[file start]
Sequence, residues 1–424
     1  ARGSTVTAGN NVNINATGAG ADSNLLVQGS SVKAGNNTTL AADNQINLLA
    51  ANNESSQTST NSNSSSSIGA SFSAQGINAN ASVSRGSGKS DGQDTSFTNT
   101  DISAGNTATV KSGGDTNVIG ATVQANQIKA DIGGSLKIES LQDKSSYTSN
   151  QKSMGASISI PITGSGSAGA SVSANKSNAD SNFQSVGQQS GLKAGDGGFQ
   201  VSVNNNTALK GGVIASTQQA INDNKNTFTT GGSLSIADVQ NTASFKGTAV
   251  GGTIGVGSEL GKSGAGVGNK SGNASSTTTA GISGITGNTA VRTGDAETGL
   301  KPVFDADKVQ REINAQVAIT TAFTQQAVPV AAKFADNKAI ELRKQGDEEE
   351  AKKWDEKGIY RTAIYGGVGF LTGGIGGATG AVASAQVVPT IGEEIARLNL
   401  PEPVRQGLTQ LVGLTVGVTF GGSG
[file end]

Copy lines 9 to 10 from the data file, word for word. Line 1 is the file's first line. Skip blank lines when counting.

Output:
   351  AKKWDEKGIY RTAIYGGVGF LTGGIGGATG AVASAQVVPT IGEEIARLNL
   401  PEPVRQGLTQ LVGLTVGVTF GGSG